What I learnt from posting every day for a week

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If you’re up to date with my most recent posts, you’ll know that I set myself a goal to upload content every day for one week. I’m pretty proud of myself for managing to stick to it! Here’s how it went…

Previously I’ve been somewhat inconsistent with blogging, a wave of inspiration every few months passing quickly by. Setting this goal gave me the kick I needed to dig a little deeper for content ideas.

Going forward, my aim is to post twice a week. Whilst it was fun to focus on writing each day, I found that I was compromising on the quality of content I was putting out. Being particularly proud of this social media piece, meant I felt like other topics couldn’t compete.

Having hoped to find a little more direction in terms of the type of content I want to create, I think I’ve found this but am keen to continue to write about whatever it may be that comes to mind on that day. Essentially, I’ve settled on the concept of a lifestyle blog in order to be able to cover a broad spectrum of interests.

Mostly, I found it rewarding to have a focus each day that was soley for my own personal gain and enjoyed the sense of fulfillment that came from completion. A little bit of structure can be a great thing and I’d like to redo this challenge further down the line, perhaps with a little more planning next time though.

What do you think? Are you a Queen of procrastination like me or is your diary brimming with tasks? I’d love to hear your tips and tricks for staying on track!

Sophie

Boots First Feel Good Session

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Last week I was lucky enough to win a ticket to the first ever Boots Feel Good Session thanks to an Instagram competition ran by the wonderful Megan Jayne Crabbe *bodyposipanda*.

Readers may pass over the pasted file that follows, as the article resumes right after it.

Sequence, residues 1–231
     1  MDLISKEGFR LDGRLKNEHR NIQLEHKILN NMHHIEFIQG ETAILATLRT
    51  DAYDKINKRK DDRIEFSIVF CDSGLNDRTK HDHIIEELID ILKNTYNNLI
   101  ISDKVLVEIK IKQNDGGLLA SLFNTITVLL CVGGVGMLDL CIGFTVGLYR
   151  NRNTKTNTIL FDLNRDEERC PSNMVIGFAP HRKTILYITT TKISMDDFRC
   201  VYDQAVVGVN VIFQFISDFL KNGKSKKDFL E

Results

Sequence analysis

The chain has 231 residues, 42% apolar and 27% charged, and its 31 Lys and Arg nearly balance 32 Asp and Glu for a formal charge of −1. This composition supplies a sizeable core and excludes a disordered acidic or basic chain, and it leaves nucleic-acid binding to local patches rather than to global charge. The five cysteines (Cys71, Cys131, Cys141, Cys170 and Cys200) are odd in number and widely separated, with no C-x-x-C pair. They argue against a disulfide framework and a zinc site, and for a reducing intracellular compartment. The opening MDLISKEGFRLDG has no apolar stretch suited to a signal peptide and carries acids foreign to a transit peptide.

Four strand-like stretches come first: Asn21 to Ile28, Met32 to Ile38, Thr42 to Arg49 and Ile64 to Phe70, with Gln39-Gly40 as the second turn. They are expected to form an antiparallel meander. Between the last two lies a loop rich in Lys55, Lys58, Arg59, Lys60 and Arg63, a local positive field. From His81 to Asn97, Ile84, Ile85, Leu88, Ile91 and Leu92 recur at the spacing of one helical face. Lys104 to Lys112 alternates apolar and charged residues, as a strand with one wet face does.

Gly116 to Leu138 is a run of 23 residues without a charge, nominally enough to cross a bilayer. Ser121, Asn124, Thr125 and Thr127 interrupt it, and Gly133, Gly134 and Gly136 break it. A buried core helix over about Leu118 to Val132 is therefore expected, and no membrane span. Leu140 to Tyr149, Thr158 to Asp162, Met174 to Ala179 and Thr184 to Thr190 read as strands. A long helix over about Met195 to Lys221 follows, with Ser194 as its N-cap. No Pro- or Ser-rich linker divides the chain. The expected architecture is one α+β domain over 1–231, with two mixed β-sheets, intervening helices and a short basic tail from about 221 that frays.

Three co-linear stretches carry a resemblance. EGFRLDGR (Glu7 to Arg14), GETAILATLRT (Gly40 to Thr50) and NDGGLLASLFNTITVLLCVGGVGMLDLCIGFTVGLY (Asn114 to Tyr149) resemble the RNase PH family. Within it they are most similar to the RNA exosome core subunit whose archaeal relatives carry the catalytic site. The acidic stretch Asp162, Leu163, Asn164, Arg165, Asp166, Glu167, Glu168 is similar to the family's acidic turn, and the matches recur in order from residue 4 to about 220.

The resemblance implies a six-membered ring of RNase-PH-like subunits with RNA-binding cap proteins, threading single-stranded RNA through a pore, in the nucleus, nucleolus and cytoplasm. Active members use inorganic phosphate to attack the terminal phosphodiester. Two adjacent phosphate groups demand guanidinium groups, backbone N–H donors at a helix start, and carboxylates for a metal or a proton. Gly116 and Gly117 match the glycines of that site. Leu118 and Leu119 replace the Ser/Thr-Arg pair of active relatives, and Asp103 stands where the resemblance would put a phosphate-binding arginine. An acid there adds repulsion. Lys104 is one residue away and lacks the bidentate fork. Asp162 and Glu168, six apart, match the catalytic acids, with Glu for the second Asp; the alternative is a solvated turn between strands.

Upon arrival I was greeted by some lovely ladies who pointed me in the direction of a wall of positive quotes. I grabbed one of these in exchange for a free drink at the bar and readied myself to take part in a Body & Image Workshop.

This particular workshop was hosted by Natasha Devon MBE. Natasha is a body image activist, writer, speaker, campaigner and all round genius to be honest with you. In just fifteen minutes, she gave us a run down of how our brains work and the ways in which we view ourselves. In my last post, I told you all about how I filter my social media, below is a list of body positive influencers composed by all those who attended the workshop. So if you feel like you want a bit less filtering and facetune and a lot more real life, check them out.file-2

Unfortunately, I was unable to attend thePhotography Workshop hosted by Alex Cameron. Alex is a renowned confidence photographer who focuses on the use of natural light in her work. She has a beautiful portofolio and is well worth a follow!

We then moved on to the main event in which Megan, Natasha and Alex were joined by Youtube sensations Hannah Witton and Gary Thompson as well as Scottish footballer Claire Emslie. The panel spoke all things confidence with a particular focus on social media. The discussion was open and varied and really reflected the common concerns of six prominent figures. A big take away from the day was about learning to live in the present and making the most of where you are right now. As I mentioned earlier, there was also a focus on the use of social media and the ways in which we can make our own platforms as positive a space as possible.file-4.jpeg

And now for the best bit. The goody bag. As I looked through the contents, I couldn’t help but feel like some kind of trendy influencer. Full size products from the likes of Urban Decay and The Ordinary. Absolutely over the moon with that and I cannot wait to give them all a go.

I’d really recommend taking the time to watch the full panel discussion here.